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Category: Intellectual Property News

Best wishes for a safe and very happy new year!

Holiday opening hours

Our office will be closed for the holidays from midday Thursday 24 December 2020 and will reopen on Monday 4 January 2021.

We will be available for urgent matters between these dates. If you have an urgent enquiry during this time, please forward an email, marked urgent, to mail@wadesonIP.com.au and we will respond.

Best wishes for a safe and very happy new year!

Belinda Wadeson and Ben Mott

 

Update on IP Australia’s response to the COVID-19 outbreak  (update 8)

The COVID-19 pandemic is continuing to affect many of our customers.

As such, IP Australia’s streamlined process to provide free extensions of time to assist customers impacted by the COVID-19 outbreak will be continued until 30 November 2020.

If you have previously received a streamlined three month extension and subsequently find that you need a further extension due to the impact of the COVID-19 pandemic, then you can apply for a further streamlined extension of time for up to 3 months.

We also recognise that restrictions in Victoria may be causing our customers additional disruptions. If you need more flexibility than the streamlined process for extensions of time offers, please contact us to discuss your circumstances and how we may be able to assist you.

The streamlined process for extensions of time is temporary and its continuation is being regularly reviewed considering the severity of the COVID-19 pandemic disruptions. We will provide at least one week’s notice before it is ended.

The service does not guarantee registration of your trade mark and is not a business or legal advice service. For advice on the trade mark system and how it might be best used in your business, we will recommend you to advisers such as trade mark attorneys or other professionals.

Extending Australian patent and trade mark deadlines amid COVID-19 (update 7)

(See here for the latest update)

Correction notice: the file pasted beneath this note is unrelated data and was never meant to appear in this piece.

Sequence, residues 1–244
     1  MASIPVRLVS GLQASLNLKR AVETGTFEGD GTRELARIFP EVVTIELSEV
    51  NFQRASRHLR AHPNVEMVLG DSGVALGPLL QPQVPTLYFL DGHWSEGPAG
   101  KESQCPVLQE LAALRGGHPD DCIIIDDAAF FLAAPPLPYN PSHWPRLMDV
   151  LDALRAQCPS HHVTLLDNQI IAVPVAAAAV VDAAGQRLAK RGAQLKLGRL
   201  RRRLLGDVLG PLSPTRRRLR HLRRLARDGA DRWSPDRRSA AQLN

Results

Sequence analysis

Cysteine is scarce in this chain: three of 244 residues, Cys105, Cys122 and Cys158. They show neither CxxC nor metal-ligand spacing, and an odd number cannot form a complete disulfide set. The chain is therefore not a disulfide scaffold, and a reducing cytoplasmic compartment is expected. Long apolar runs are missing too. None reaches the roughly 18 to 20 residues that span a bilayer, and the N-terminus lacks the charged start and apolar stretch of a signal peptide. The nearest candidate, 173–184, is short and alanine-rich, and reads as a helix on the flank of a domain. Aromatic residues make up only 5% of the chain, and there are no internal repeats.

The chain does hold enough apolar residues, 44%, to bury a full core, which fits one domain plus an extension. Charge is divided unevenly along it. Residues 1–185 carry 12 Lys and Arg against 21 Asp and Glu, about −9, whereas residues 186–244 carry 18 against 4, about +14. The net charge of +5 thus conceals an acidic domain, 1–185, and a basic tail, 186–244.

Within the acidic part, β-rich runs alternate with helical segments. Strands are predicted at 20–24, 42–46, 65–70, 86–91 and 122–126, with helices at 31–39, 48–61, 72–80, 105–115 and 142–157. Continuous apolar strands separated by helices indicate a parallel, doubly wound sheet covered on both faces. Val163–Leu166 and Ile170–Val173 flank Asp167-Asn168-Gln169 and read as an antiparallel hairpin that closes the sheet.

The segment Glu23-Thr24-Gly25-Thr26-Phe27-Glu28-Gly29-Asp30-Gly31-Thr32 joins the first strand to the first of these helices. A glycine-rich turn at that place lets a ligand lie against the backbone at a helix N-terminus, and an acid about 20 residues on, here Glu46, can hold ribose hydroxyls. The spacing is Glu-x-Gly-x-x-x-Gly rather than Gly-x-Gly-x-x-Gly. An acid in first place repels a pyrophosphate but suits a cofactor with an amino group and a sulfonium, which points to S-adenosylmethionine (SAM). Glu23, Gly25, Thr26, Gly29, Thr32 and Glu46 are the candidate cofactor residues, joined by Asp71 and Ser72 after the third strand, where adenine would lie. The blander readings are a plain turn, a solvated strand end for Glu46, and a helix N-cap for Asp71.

Three-month extensions of time for COVID-19 related delays are now freely available for most Australian patent and trade mark deadlines.

Deadlines that cannot be met due to COVID-19 related ‘circumstancesg beyond the control of the person’ can now be extended with a simple electronic request via an electronic portal and without official fees.

Justifying the extension is now a matter of ticking a box. From the electronic portal:

These new arrangements apply to requests for extension filed by 31 October 2020 and this date may well be extended in due course. IP Australia (our Intellectual Property Office) plans to regularly review the new arrangement considering the severity of the COVID-19 disruptions.

In addition to these new arrangements, Australia’s (generous) ordinary extension provisions remain in place (see here).

Extending Australian patent and trade mark deadlines amid COVID-19 (update 6)

(See here for the latest update)

Three-month extensions of time for COVID-19 related delays are now freely available for most Australian patent and trade mark deadlines.

Deadlines that cannot be met due to COVID-19 related ‘circumstancesg beyond the control of the person’ can now be extended with a simple electronic request via an electronic portal and without official fees.

Justifying the extension is now a matter of ticking a box. From the electronic portal:

These new arrangements apply to requests for extension filed by 30 September 2020 and this date may well be extended in due course. IP Australia (our Intellectual Property Office) plans to regularly review the new arrangement considering the severity of the COVID-19 disruptions.

In addition to these new arrangements, Australia’s (generous) ordinary extension provisions remain in place (see here).